Charles Beck Art Exhibit Open

“Artist + Muse,” an exhibit of woodcuts by Charles Beck from the Timothy Murphy Collection, is now open at the Pope County Museum through the end of October.Beck EVENING-CHORES-15x21

Charles Beck is an Ottertail County artist who created woodcut prints of landscapes, nature and farm scenes. Timothy Murphy was an admirer and friend of Beck and drew inspiration from Beck’s work to write poems on the same themes. “Artist + Muse” draws together the work of both men.

The exhibit at the Pope County Museum is the beginning of a year-long tour of this exhibit throughout western Minnesota and eastern North Dakota. It is made possible by the collaboration of The Rourke Art Gallery & Museum, Moorhead, the Timothy Murphy family, the Lake Region Arts Council, and exhibit venues across western Minnesota. This activity is funded in part by a grant from the Lake Region Arts Council through a Minnesota state legislative appropriation.

Charles Beck was born in 1923 in Fergus Falls. Beck began drawing in grade school beck cuttingwhere he would trade his works for candy and marbles. He graduated from Concordia College, Moorhead, in 1948, and from the University of Iowa in 1950. He served as a pilot in the Naval Air Force before returning to Fergus Falls to work as a sign painter. In 1960 he joined the faculty at Fergus Falls Community College and taught for 27 years.

Poet Timothy Murphy was born in Hibbing, Minnesota, and graduated from Yale Beck_TimothyMurphyUniversity, where he participated in the Scholar of the House program. He was a partner in a large-scale hog farm and a businessperson. His books include the poetry collections The Deed of Gift (1998), Very Far North (2002), Mortal Stakes • Faint Thunder (2011), and Hunter’s Log (2011), as well as a memoir, Set the Ploughshare Deep: A Prairie Memoir (2000). He has also translated Beowulf. Though hunting and farming are essential subjects for his writing, myths and legends influence his work as well.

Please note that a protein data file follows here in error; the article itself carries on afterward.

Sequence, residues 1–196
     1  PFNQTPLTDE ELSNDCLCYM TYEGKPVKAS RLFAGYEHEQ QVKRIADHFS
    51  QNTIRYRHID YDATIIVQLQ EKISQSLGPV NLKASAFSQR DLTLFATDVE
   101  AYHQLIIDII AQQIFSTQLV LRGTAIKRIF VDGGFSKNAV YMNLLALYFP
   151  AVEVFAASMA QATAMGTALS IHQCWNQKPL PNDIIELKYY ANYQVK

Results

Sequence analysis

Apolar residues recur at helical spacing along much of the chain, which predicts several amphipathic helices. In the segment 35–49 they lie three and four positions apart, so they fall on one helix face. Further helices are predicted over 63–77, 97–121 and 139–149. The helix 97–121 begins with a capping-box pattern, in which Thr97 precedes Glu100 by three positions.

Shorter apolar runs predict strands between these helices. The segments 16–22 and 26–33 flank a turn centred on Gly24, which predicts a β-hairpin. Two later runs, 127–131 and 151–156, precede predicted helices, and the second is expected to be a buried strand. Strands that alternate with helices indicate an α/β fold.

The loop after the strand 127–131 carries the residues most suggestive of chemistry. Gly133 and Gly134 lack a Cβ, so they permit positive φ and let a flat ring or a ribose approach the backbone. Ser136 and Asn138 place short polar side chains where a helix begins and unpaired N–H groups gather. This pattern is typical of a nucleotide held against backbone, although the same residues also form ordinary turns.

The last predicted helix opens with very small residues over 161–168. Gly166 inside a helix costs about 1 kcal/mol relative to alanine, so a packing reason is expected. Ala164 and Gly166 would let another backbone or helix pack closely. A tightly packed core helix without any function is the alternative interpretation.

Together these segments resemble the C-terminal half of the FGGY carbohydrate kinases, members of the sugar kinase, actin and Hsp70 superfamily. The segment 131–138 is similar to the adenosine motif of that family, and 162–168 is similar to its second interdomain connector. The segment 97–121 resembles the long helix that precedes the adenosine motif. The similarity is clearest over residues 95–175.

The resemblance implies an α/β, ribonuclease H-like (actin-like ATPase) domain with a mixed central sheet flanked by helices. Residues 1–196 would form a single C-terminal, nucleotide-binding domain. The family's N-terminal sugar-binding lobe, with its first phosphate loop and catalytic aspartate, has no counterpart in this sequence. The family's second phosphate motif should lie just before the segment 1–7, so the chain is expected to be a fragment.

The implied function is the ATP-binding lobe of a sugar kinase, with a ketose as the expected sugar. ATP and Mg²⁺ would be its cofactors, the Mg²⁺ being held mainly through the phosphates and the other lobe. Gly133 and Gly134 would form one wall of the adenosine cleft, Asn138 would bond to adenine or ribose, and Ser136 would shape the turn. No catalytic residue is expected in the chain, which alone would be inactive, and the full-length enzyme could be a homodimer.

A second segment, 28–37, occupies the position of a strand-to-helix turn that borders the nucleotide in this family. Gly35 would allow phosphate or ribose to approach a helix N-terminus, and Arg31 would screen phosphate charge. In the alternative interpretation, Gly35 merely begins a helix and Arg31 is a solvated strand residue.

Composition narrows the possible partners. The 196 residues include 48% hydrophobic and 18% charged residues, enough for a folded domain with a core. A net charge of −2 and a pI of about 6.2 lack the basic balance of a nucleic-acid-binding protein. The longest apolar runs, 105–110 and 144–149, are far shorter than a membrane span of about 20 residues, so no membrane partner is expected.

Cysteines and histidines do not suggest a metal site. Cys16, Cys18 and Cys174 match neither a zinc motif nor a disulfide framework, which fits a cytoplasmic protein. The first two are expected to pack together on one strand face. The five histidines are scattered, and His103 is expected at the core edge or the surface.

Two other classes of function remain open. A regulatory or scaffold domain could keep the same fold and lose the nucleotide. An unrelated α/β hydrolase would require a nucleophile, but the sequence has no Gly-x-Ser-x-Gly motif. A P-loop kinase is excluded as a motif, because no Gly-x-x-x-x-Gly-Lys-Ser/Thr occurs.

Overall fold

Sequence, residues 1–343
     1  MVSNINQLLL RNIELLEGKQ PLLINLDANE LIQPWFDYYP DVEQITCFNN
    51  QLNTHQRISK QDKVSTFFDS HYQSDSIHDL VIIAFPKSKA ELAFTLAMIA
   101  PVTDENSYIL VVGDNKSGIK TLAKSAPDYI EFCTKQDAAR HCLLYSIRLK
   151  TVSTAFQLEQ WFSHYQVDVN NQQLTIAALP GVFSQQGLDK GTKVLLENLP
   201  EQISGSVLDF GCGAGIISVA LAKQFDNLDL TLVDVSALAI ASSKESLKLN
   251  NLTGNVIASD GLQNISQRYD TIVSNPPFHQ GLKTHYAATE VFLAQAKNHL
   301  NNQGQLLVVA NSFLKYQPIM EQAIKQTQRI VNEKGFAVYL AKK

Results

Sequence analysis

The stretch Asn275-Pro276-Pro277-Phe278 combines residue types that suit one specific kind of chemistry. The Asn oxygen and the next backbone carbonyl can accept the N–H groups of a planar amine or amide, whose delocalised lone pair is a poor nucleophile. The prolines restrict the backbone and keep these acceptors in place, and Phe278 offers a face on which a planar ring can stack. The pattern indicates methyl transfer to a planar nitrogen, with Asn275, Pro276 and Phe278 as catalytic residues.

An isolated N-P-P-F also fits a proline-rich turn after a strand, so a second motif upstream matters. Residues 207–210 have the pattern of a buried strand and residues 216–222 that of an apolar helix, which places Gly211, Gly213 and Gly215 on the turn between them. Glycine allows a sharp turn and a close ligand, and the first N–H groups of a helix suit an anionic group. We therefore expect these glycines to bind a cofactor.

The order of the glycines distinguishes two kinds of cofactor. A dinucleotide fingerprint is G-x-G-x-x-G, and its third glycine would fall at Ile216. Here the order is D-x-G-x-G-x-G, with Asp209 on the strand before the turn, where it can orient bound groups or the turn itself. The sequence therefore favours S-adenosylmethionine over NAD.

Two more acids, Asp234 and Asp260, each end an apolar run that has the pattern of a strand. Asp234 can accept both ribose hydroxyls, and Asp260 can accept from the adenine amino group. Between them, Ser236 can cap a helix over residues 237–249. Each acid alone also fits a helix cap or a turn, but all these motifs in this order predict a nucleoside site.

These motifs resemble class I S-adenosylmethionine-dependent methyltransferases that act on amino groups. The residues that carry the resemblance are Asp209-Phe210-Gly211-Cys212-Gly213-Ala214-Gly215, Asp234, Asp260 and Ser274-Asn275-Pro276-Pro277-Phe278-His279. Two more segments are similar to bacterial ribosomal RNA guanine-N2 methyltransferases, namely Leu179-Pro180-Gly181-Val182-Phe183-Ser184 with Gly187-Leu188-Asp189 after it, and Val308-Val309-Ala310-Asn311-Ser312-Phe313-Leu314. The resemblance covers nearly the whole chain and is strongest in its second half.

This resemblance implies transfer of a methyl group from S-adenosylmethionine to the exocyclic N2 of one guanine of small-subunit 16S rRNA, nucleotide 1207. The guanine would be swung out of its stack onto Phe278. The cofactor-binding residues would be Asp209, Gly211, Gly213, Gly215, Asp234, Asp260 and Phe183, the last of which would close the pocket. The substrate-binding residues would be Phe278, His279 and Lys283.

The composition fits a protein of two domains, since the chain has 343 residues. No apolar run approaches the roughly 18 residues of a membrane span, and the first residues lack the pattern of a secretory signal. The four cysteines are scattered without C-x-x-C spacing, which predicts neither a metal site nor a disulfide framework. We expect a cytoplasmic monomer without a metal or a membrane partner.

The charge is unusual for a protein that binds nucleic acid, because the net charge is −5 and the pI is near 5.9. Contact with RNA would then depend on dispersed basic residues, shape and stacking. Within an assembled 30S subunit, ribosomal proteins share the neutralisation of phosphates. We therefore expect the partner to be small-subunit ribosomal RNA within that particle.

“Artist + Muse” -an exhibit of work by artist Charles Beck and poet Timothy Murphy- will be on display at the Pope County Museum through October 30. Hours are Tuesday – Saturday, 10 – 5. The impact of this exhibit is much richer in person. Stop by today!Beck birds

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Charles Beck Woodcuts Exhibit

We are excited to announce a new temporary exhibit at the Pope County Museum.

ARTIST + MUSE   Woodcuts by Charles Beck from the Timothy Murphy Collection


The exhibit is made possible by the Rourke Art Gallery in Moorhead, Minnesota and is only here until the end of October, so stop in and see us soon!

Charles Beck was born in Fergus Falls in 1923, he studied art at the University of Minnesota where he was first introduced to woodcut prints. Throughout his life, Beck’s primary subject was the landscape and nature of Otter Tail County.

Poet Timothy Murphy was an admirer and friend of beck and derived both enjoyment and inspiration from his friend’s artwork.

Both woodcut prints and selected poems inspired by the woodcuts are on exhibit at the Pope County Museum.

The prints must be seen in person to truly appreciate them. We hope you will stop in and see them. We are open Tuesday-Saturday 10-5.






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Getting ready for a new exhibit

We were busy beavers on Tuesday morning, moving artifacts to make room for a traveling exhibit. (More on that in the next post.)

Phyllis and I took down the pioneer portraits and tucked them away in the Art Storage Room.


The painting by Reverend Skaar and his art students has found a new home deeper in the museum.


The Chevy also migrated.

And the Lowry Fire Engine and fire fighting gear gets to he highlighted for Fire Prevention Month.

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Cemetery workshop